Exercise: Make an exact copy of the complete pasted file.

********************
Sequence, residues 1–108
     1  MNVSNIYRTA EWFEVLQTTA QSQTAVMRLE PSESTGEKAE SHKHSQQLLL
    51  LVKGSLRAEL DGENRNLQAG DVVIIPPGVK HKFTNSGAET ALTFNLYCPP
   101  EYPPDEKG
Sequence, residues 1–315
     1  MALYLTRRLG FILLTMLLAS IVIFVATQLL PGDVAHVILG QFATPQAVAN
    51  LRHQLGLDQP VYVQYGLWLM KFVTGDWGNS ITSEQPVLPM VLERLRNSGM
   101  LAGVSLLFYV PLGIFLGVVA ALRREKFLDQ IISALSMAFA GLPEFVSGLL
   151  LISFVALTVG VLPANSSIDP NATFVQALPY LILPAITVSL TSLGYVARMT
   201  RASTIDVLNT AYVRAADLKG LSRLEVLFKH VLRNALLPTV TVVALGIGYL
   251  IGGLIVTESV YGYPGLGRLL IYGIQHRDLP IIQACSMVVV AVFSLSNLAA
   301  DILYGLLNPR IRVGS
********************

Sequence, residues 1–108
     1  MNVSNIYRTA EWFEVLQTTA QSQTAVMRLE PSESTGEKAE SHKHSQQLLL
    51  LVKGSLRAEL DGENRNLQAG DVVIIPPGVK HKFTNSGAET ALTFNLYCPP
   101  EYPPDEKG
Sequence, residues 1–315
     1  MALYLTRRLG FILLTMLLAS IVIFVATQLL PGDVAHVILG QFATPQAVAN
    51  LRHQLGLDQP VYVQYGLWLM KFVTGDWGNS ITSEQPVLPM VLERLRNSGM
   101  LAGVSLLFYV PLGIFLGVVA ALRREKFLDQ IISALSMAFA GLPEFVSGLL
   151  LISFVALTVG VLPANSSIDP NATFVQALPY LILPAITVSL TSLGYVARMT
   201  RASTIDVLNT AYVRAADLKG LSRLEVLFKH VLRNALLPTV TVVALGIGYL
   251  IGGLIVTESV YGYPGLGRLL IYGIQHRDLP IIQACSMVVV AVFSLSNLAA
   301  DILYGLLNPR IRVGS